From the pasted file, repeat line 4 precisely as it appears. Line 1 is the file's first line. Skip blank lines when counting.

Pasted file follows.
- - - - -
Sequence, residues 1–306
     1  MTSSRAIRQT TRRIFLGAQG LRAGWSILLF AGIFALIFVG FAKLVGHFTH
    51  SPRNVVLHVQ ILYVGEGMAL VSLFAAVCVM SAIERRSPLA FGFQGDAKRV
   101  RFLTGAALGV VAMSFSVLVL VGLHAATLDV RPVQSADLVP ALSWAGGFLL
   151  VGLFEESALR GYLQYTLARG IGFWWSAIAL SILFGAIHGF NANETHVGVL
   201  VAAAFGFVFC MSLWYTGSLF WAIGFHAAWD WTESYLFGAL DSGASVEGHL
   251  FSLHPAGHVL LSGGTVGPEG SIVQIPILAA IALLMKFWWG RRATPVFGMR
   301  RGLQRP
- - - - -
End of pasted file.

   101  RFLTGAALGV VAMSFSVLVL VGLHAATLDV RPVQSADLVP ALSWAGGFLL